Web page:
Buddhist monks have been major instigators of the recent violence against Muslims in Burma.
- By Francis Wade<p> Francis Wade is a freelance journalist and analyst covering Burma and south-east Asia </p>
In a small wooden office in the Mahamyaing monastery, Kyaw Linn rifles through a carrier bag of stickers emblazoned with 969, the logo that has come to represent Burma’s budding anti-Muslim movement. Six months ago the head monk, Oo Wi Ma La, ordered the first batch of stickers from a nearby printing company. Now they’re hard to avoid. Taxis, buses, and shop fronts across Rangoon and other major towns now display what some observers consider a symbol of Buddhist extremism — a symbol that sees Burma’s Muslim community as a threat to the country and its dominant religion.
This sentiment has unleashed waves of violence over the past several months that have left more than 40 dead, and 13,000 displaced in 2013 alone. The monastery in Moulmein, southern Burma, is credited as the birthplace of the resurgent 969 movement. Production of the 969 stickers began following rioting in western Burma last year that pitted Buddhists against Rohingya Muslims. The number signifies the attributes of Buddha and his teachings, and is sacred to Buddhists.
"We did it to protect Buddhism," Oo Wi Ma La says, adding that last year’s violence in Arakan state made it clear that Buddhism in Burma is under threat. "In Indonesia, Bangladesh, Pakistan, Malaysia, and so on there used to be so many Buddhists, but the Muslims came and kicked them out, and now they are Muslim countries. So based on history we worry Burma could become like that. "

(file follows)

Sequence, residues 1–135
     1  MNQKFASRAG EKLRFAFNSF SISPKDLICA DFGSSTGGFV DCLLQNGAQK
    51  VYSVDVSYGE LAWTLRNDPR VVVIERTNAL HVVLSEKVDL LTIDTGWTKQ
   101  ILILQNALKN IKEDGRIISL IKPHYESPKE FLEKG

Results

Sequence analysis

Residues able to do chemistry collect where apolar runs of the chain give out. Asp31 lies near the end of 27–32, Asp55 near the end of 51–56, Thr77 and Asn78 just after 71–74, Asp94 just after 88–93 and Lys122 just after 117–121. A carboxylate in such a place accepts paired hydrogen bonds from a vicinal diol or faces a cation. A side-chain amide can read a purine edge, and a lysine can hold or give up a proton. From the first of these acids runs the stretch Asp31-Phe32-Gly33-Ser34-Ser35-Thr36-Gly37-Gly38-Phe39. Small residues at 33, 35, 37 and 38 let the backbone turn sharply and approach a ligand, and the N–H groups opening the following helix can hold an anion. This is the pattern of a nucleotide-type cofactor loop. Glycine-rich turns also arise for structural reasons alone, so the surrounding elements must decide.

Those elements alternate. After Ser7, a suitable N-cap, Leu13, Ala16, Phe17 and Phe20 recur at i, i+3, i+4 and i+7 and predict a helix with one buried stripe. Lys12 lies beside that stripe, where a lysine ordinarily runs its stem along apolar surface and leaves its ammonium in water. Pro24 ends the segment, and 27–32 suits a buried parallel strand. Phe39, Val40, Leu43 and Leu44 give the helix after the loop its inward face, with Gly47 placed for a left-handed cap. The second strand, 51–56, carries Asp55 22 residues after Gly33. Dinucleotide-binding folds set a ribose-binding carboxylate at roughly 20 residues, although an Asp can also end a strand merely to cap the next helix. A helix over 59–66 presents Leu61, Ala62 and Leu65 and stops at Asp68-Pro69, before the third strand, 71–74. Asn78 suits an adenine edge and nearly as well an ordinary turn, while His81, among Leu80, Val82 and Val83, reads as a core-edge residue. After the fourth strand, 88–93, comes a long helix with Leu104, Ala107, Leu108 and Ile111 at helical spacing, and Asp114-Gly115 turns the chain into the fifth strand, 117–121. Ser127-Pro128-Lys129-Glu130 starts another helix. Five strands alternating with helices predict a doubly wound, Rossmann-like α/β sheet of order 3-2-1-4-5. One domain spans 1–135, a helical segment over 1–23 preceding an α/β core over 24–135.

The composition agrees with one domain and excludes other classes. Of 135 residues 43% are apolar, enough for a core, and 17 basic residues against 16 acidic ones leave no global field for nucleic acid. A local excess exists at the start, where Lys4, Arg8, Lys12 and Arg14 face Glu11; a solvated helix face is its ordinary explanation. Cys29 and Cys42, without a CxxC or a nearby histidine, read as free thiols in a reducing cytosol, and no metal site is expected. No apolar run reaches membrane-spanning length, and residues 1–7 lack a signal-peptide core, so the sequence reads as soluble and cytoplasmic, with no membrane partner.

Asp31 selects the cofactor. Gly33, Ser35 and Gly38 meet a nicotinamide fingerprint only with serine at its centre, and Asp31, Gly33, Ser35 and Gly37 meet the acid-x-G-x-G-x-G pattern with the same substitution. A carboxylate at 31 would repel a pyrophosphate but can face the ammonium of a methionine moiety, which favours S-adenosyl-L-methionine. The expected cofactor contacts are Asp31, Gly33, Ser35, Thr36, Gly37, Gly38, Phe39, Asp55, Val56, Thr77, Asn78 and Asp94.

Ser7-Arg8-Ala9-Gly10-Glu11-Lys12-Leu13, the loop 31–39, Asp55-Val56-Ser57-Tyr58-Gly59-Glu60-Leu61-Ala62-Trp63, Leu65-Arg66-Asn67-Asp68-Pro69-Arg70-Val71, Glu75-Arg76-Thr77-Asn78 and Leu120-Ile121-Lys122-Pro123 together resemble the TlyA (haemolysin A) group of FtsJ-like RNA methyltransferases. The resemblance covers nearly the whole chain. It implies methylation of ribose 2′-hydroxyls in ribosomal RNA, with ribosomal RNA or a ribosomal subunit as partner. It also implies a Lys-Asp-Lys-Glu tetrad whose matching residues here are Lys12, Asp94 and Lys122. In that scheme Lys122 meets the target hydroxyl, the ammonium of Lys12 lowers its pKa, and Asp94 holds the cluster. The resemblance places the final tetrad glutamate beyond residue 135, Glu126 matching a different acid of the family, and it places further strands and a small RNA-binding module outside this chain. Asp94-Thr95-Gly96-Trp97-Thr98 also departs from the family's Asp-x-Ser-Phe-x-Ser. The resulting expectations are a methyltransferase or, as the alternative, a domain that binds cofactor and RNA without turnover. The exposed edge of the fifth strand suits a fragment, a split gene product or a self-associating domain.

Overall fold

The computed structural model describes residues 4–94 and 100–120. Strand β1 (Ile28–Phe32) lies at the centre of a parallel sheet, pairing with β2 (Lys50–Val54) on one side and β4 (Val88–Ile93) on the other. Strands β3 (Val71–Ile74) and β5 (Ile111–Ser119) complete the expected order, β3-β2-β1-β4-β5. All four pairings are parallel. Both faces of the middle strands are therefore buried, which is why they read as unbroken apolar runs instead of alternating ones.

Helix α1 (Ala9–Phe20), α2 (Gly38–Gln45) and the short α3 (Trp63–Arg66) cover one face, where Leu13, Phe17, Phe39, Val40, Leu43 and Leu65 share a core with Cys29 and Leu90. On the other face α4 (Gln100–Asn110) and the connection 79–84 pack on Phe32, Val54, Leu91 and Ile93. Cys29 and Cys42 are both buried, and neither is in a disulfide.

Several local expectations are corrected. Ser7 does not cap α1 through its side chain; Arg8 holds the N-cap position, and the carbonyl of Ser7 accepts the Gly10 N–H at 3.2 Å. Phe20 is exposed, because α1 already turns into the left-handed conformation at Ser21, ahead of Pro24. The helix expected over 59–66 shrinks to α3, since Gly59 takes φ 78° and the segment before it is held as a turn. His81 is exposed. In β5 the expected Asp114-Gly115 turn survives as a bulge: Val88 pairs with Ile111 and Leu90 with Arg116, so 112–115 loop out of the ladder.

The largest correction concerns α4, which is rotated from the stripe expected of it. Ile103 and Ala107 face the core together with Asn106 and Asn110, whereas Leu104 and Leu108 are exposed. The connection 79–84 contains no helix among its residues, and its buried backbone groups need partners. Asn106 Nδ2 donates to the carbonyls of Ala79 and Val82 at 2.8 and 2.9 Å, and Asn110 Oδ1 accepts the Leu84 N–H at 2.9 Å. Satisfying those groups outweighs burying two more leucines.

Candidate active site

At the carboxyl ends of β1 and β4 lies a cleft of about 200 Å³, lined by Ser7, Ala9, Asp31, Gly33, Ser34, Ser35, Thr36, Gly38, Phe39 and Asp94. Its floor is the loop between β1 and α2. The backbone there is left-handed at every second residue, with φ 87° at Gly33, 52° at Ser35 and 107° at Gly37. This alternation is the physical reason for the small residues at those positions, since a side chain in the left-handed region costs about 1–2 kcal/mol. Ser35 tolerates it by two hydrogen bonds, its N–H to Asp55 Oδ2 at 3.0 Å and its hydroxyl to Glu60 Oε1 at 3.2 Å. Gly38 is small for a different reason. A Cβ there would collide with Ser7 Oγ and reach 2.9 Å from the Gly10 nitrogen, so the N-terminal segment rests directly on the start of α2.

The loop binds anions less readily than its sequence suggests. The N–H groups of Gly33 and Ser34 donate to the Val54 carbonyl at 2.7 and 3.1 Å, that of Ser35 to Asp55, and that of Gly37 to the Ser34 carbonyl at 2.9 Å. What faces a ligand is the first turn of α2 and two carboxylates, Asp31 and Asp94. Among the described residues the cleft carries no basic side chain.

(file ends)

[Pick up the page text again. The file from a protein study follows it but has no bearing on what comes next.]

Around four percent of Burma’s population practices Islam. It is where the two religions coexist that problems have emerged, says Oo Wi Ma La. In Moulemin’s busy and cramped indoor market, however, Muslim stallholders appear calm despite the wealth of 969 stickers increasingly on display on neighboring stalls. Buddhist taxi drivers and shop owners said they have no problem with Muslims using their services.
Unfortunately, however, not everyone thinks the same way. Last month simmering animosity burst into the open once again. A brawl between Buddhists and Muslims in a gold shop in the central Burmese town of Meiktila triggered two days of violence, during which more than 800 homes in the town, mostly Muslim, were razed. Witnesses say that the Buddhist mobs who perpetrated the violence were well-organized, and that the police stood by and watched as killings were carried out in broad daylight. Such reports have led to accusations of official complicity in the violence. Suspicion is prompted by belief that elements within the government or military view communal unrest as a cue for the reinvigoration of a military whose overarching power in Burma is threatened by reforms. A Human Rights Watch report released today directly implicates "political and religious leaders in Arakan State" in the planning, organization, and incitement of attacks against the Rohingya and other Muslims last October. (The report, which focuses on last year’s bloodshed in Arakan, notes that the violence there has resulted in the forcible displacement of some 125,000 Rohingya Muslims from their homes.)
Yet even if the military-led government may have helped to ignite the Arakan and Meiktila conflicts, the fuel, in the form of anti-Muslim sentiment among Burmese, has been stored up over decades, born of propaganda campaigns in the 1960s that triggered pogroms against Indian Muslims, and later the Rohingya in Arakan state, and the historic conflation of Buddhism with Burmese nationalism.
That movement has seen a resurgence since the Arakan rioting last year whipped up anti-Muslim fervor across Burma. The situation in Meiktila appears to lend weight to claims by some observers that an ethnic cleansing campaign is underway in parts of the country. There, the town’s once sizeable Muslim population has been driven into camps which journalists are barred from entering; a similar campaign of cleansing has occurred in Sittwe in Arakan state.